15.4.20 The Snake in the Garden
If I ask you to think of the Latin Bible you might think of something dry, dusty, and removed; in school we learn that during the Reformation the Bible was translated into vernacular languages all over Europe in order to make it more accessible to ordinary people, and, five hundred years later, in this part of the world at least, the Bible, let alone the Bible in Latin, is even more removed from most people’s concerns. But the interesting thing is that the Latin Bible is itself a vernacular translation, written to take texts in Hebrew and Greek and make them available to the Latin-speakers of Europe and north Africa. We know that versions of different parts were circulating in Latin from the 2nd century CE as the so-called Vetus Latina, or Old Latin Bible; these are the texts which Jerome revised and re-translated between 375 and 405 to give shape to what is known as the Vulgate Bible, which became the standard version of the Latin Bible for many centuries.
What these texts offer us is a window onto a more colloquial and down-to-earth kind of Latin, one of those important moments when we can observe, however imperfectly, Latin on its journey to Romance. In the Old Latin Gospels, for instance, manducare has ousted edere and comedere as the preferred word for ‘to eat’, and likewise comparare prevails over emere (‘to buy’) and civitas over urbs (‘city’). Mangiare(It.), comprar (Sp.), and cidade (Pt.) all stem from here. At the same time, sapere has not yet replaced scire as the verb ‘to know’, a porta still means a city gate and not a door, and a house is still a domus and not yet a casa. And you’ll still find purpose clauses and deponent verbs and other things at home in ‘classical’ Latin, showing that there is no easy division between types or registers of the language. But when Philip Burton writes that ‘It has long been recognized that the language of the Old Latin Gospels is not literary Latin’, there is a paradox. The Bible both is and is not ‘literature’. Or, put another way, this text is reinventing what Latin literature means, in ways which simply do not conform to the standard model, which is still based, as it always has been, on the prose of Cicero and the poetry of Virgil. The Bible began life in Latin as a radical book, not just in terms of content but in terms of form, re-writing the rules for what counted as ‘literature’.
A few weeks ago we were doing two bits of Latin in class. The first was a short snippet of a letter from Vindolanda, in which a soldier asks his commander for more beer for his men (Lat: cervesia, a word I hadn’t known). The second was the bit in Genesis when the snake appears to Eve in the garden and tricks her into eating the apple. I had been very sure as to which text the students would prefer (the former), and just managed to stop myself launching into a little tirade before they began: this story (I was about to say, referring to the latter) is, of course, deeply misogynistic and pernicious, original sin etc. etc. Anyway, I held back, and to my surprise, when I asked the students which they preferred, the majority voted for the snake in the garden. And when I asked them why, the answer that came back was, ‘because it’s fantastical’. Of course, I thought, silently kicking myself: a talking snake. Before anything else, this is a story about a talking snake. And I had been about to ruin it for them with my righteous intro.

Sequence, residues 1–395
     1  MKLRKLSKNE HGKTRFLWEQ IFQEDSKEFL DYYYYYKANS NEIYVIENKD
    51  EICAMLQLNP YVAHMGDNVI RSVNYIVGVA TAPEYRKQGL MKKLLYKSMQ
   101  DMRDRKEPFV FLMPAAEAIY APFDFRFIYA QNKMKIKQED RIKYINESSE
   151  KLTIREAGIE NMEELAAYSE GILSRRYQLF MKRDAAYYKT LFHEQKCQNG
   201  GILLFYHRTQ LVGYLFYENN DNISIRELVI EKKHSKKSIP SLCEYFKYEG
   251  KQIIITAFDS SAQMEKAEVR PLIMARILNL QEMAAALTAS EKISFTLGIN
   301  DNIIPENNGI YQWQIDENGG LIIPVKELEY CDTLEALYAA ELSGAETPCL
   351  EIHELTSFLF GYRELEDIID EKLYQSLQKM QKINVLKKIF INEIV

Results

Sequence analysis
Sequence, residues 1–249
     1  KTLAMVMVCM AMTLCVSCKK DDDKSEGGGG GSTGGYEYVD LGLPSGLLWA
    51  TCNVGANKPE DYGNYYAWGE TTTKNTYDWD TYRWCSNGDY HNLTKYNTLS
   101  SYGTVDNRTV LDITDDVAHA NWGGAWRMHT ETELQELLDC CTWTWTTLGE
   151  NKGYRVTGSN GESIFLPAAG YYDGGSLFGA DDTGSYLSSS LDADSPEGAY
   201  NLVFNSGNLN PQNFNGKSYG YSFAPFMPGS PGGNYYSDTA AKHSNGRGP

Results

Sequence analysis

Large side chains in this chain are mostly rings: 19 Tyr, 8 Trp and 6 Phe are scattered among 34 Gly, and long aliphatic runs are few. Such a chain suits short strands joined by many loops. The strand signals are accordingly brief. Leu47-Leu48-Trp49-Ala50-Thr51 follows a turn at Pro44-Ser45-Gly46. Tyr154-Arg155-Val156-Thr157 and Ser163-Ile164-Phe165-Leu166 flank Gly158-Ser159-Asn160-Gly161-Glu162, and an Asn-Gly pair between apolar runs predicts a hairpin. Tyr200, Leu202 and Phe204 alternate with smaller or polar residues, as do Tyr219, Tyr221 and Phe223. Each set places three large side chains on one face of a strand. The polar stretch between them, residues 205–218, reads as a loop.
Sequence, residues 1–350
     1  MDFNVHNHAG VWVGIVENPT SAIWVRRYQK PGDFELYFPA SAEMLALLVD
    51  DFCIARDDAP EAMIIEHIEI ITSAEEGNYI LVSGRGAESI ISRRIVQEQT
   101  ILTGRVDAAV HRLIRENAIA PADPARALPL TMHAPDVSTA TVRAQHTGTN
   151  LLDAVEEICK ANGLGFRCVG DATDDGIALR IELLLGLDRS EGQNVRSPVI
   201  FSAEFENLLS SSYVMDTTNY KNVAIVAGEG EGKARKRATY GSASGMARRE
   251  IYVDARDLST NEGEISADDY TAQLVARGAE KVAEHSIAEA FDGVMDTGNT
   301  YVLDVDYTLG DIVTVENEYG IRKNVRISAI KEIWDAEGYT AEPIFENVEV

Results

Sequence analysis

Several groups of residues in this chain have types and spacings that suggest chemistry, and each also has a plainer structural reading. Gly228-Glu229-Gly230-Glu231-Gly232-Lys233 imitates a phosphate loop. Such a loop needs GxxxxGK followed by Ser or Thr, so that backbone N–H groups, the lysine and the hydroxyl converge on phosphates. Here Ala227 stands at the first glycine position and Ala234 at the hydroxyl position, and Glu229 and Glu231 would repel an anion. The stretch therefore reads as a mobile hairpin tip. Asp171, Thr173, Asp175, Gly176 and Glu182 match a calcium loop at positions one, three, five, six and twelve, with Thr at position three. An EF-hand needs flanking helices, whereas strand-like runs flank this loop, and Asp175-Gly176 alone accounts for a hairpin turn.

The Bible has been complicit in much evil and terror over the centuries, so it’s not that my critique was or is irrelevant. This is a book that has been weaponised in the worst possible ways. Rather it’s that I was faced again with the strange and sometimes startling ability of stories to be made new in the mind of every new person who reads them. And this is a point that I think applies to Latin literature as a whole. No matter how many times someone says: ‘oh, the story means this’, someone else can come along and say ‘actually, no, I read it like this.’ The Dublin poet Peter Sirr has a nice phrase in his poem ‘Nonetheless’, where he talks about ‘living in the endless promise of language’. It’s a phrase I always come back to when teaching, because it most neatly describes, for me, what it means to be a language teacher, and to read and re-read these old stories.
Note: This post is indebted to, and quotes from, Philip Burton’s The Old Latin Gospels: A Study of their Texts and Language (Oxford University Press, 2000); I also quote from Peter Sirr’s ‘Nonetheless’, from his collection of the same name (Gallery Press, 2004). His latest collection, published in 2019, is The Gravity Wave.